Snowdonia Way
Tryfan in the Ogwen Valley
Snowdonia Way
Snowdonia Way
8 stages . 9 nights

The Snowdonia Way: A guide to the trek

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Bare facts

We follow the official Snowdonia Way route from Machynlleth to Conwy. We split the route into 8 stages rather than 6 to avoid any unduly long days. You'll set off from a characterful market town, Machynlleth, before meandering through the forests, along rivers and up to higher ground with long mountain views. As you travel North, the views open out; the mountains get bigger and the views more majestic. You'll walk through the mountain ranges of the Rhinogs, Moelwyns, Snowdon Massif, Glyders and Carneddau before reaching your final stopping point in Conwy in the far North of Snowdonia National Park (known as the Eryri National Park in Welsh).

Best bits

Walking from Dolwyddelan to Bethesda takes you through the Ogwen valley, one of the most scenic sections of the trail, surrounded by the iconic peaks of Tryfan and Carnedd Llewelyn. The Aber Falls are another highlight, on the stage fom Bethesda to Llanfairfechan - an impressive 37m cascade of water!

On stage 5 from Beddgelert to Dolwyddelan, the paths alongside the picturesque lakes of Llyn Dinas and Llyn Glaslyn are also a favourite! This stage also has walkers reaching the highest point on the trail at the ridge top Bwlch y Rhediad. Enjoy the views back on where you've come from so far.


Alpine Exploratory offers the following holidays based on our Snowdonia Way research:

Snowdonia Way


Rob at Alpine ExploratoryAlpine Exploratory's 2023 research on the Snowdonia Way will be led by: Rob

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On the way to Llanfairfechan at the end of Stage 7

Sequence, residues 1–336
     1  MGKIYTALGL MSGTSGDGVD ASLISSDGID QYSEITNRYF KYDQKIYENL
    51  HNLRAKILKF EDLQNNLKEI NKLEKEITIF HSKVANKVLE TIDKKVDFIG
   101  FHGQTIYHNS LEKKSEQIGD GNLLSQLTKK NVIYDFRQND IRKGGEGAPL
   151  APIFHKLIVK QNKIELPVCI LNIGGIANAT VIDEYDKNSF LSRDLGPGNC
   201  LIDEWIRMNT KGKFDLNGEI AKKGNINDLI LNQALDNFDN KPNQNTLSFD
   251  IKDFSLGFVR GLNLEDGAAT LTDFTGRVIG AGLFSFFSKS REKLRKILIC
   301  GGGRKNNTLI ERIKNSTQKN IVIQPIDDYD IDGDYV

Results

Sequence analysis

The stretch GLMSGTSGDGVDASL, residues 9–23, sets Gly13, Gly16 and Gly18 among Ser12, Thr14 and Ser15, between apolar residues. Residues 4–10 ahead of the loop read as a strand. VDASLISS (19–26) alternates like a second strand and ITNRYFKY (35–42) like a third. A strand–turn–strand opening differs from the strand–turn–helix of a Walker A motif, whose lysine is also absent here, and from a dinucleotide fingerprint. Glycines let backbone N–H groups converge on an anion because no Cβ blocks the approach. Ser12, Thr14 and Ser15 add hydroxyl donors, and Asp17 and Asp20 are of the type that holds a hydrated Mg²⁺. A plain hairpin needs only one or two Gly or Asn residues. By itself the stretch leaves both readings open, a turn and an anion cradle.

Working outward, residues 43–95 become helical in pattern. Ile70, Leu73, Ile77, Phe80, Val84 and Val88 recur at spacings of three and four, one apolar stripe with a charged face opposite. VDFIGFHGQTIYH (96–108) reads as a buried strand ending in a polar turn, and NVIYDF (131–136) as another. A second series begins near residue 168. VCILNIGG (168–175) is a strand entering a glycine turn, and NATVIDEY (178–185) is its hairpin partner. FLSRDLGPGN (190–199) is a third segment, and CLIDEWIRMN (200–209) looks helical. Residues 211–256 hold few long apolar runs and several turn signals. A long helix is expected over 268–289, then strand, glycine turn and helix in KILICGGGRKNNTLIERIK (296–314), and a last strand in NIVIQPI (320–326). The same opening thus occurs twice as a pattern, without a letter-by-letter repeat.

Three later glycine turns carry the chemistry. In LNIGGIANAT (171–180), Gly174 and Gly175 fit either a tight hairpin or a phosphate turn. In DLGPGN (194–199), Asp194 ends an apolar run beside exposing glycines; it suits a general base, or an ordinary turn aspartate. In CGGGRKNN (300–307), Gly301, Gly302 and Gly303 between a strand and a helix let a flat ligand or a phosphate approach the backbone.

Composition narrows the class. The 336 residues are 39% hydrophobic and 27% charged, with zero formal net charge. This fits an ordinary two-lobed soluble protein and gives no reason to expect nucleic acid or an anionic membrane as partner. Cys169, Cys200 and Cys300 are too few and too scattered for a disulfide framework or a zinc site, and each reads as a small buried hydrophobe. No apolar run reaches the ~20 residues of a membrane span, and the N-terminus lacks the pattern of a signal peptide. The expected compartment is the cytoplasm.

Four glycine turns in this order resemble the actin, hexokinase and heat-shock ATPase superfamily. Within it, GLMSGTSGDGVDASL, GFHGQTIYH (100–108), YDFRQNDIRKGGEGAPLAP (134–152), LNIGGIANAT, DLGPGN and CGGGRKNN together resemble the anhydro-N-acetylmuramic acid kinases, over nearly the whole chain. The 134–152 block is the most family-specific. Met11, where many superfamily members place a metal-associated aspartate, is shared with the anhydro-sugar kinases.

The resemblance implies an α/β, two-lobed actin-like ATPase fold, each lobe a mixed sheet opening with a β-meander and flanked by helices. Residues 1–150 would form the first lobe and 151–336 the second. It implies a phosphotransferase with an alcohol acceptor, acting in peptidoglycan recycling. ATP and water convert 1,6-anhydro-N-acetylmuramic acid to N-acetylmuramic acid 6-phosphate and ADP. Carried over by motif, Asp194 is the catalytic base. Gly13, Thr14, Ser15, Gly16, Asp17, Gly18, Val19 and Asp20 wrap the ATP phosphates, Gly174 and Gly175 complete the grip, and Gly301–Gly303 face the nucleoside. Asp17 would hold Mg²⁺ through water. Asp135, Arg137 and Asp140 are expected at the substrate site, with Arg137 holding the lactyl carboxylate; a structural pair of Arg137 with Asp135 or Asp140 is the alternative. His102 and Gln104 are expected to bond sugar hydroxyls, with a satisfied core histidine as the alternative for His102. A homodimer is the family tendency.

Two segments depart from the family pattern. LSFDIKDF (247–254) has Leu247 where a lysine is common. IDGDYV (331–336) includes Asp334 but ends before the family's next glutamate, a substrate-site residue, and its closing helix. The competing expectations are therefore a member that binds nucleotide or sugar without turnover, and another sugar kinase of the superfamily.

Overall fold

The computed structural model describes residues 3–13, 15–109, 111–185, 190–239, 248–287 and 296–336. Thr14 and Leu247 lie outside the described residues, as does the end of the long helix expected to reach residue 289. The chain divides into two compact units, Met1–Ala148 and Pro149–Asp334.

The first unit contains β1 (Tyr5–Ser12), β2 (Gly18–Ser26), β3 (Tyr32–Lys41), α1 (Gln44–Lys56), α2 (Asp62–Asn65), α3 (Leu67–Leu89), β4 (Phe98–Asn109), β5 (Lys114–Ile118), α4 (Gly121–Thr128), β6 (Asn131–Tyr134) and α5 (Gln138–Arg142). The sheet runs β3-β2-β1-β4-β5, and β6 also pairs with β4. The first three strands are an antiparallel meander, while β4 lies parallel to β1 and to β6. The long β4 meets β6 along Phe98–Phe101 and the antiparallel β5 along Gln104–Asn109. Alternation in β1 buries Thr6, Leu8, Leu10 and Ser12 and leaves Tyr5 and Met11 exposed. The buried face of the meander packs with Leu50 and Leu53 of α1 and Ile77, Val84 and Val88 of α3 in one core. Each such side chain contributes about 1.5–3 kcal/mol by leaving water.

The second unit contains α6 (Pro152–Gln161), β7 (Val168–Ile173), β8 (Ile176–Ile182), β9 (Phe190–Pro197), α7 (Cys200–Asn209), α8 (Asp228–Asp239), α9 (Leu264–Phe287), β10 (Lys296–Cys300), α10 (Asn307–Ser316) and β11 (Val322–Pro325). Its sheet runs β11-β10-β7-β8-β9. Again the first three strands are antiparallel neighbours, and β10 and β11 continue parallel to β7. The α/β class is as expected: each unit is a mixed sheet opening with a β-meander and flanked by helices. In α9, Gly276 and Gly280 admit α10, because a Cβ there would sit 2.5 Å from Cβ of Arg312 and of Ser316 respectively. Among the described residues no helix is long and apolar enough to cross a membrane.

On the way to Llanfairfechan at the end of Stage 7    Snowdonia Way

Is it for me?

The Snowdonia Way would suit strong all-round walkers who like to move through terrain, so as to discover, on a cross-country journey. The route does not take to mountain tops or cross high passes, and this follows the Eryi National Park landscape which can be approached along the valleys. To the side are substantial peaks including Yr Wyddfa (Snowdon)(1,085m) and Tryfan (917m) – please ask us to build extra days into your trip – while the Snowdonia Way’s highest point is 405m.

What's it like underfoot?
There is a mix of stony, gravelly, rocky and muddy paths underfoot on this trail, and when we have a sustained period of warm dry weather (which is not all the time) we hope the mud becomes hard-pack. The section around Aberglaslyn is the only point on the trail with handrails. This is because this section of trail is right by the river and care is needed in wet weather. Another rocky section to take care on on this trail is the section at the end of Llyn Ogwen on stage 5 just before joining the road.

There is substantial navigation to be done on the Snowdonia Way, this being one of those UK trails that is made from long-standing paths. It is overlaid, so to speak, as opposed to being purposefully created as the Snowdonia Way. This makes for an authentic experience as a walker in the area, but makes for intricate route-finding. We issue maps, routecards and GPX tracks to help with your navigation too.

It can rain in North Wales! This mountainous corner of the British Isles is known for its maritime climate. Clouds blow in and out and the Snowdonia Walker (as Lakeland, as Highland) learns to read the forecast and be grateful for dry spells, even sun and warmth. Our season on the Snowdonia Way runs from early May to mid-September in an attempt to have the best dates for the weather.

Where to stay?
The Snowdonia Way stays in a mixture of B&Bs and guesthouses in the small towns and villages along the trail. Our favourite place to stay in Penrhyndeudraeth is the lovely Wenallt Guest House run by hosts Sarah and Ian. Our clients also enjoy the small and friendly village of Beddgelert. The picturesque stone houses by the river remain unspoilt and there's a fantastic bistro for dinner as well as a couple of pubs.

  Typical stiles and stone walls along the Snowdonia Way    Snowdonia Way

The route

Here's a brief guide to the route and the places you visit on our classic 8-stage Snowdonia Way trip.

Stage One
Your trip starts in Machynlleth, a pretty market town located in the Dyfi Valley. Although quite long, the first stage is a straightforward introduction to the Snowdonia Way. From Machynlleth the route heads straight for Dovey Forest, passing the old slate mining villages of Corris and Aberllenfenni via the pretty Llefenni Valley. Great views open up to the mountain of Cadair Idris before the Way drops through in woodland to reach Dolgellau. Much of the route is on tracks and lanes meaning navigation is easy and ground can be covered quickly.